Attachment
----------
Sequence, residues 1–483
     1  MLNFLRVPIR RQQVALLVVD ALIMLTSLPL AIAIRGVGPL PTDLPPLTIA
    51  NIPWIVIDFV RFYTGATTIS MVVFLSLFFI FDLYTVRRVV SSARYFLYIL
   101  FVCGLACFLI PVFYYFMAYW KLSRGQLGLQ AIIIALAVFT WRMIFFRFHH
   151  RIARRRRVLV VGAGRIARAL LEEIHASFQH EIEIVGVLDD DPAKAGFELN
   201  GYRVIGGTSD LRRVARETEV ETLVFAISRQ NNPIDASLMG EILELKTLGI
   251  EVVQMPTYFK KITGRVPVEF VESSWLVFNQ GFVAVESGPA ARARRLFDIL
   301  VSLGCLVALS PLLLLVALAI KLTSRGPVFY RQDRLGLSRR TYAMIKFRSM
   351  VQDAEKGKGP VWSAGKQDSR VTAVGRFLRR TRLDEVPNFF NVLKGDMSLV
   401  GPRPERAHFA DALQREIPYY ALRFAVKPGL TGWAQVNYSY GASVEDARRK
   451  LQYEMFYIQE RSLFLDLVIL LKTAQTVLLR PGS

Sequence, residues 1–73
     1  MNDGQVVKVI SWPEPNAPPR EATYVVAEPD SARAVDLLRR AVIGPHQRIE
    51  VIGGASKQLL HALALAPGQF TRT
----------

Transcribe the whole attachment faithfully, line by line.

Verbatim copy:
Sequence, residues 1–483
     1  MLNFLRVPIR RQQVALLVVD ALIMLTSLPL AIAIRGVGPL PTDLPPLTIA
    51  NIPWIVIDFV RFYTGATTIS MVVFLSLFFI FDLYTVRRVV SSARYFLYIL
   101  FVCGLACFLI PVFYYFMAYW KLSRGQLGLQ AIIIALAVFT WRMIFFRFHH
   151  RIARRRRVLV VGAGRIARAL LEEIHASFQH EIEIVGVLDD DPAKAGFELN
   201  GYRVIGGTSD LRRVARETEV ETLVFAISRQ NNPIDASLMG EILELKTLGI
   251  EVVQMPTYFK KITGRVPVEF VESSWLVFNQ GFVAVESGPA ARARRLFDIL
   301  VSLGCLVALS PLLLLVALAI KLTSRGPVFY RQDRLGLSRR TYAMIKFRSM
   351  VQDAEKGKGP VWSAGKQDSR VTAVGRFLRR TRLDEVPNFF NVLKGDMSLV
   401  GPRPERAHFA DALQREIPYY ALRFAVKPGL TGWAQVNYSY GASVEDARRK
   451  LQYEMFYIQE RSLFLDLVIL LKTAQTVLLR PGS

Sequence, residues 1–73
     1  MNDGQVVKVI SWPEPNAPPR EATYVVAEPD SARAVDLLRR AVIGPHQRIE
    51  VIGGASKQLL HALALAPGQF TRT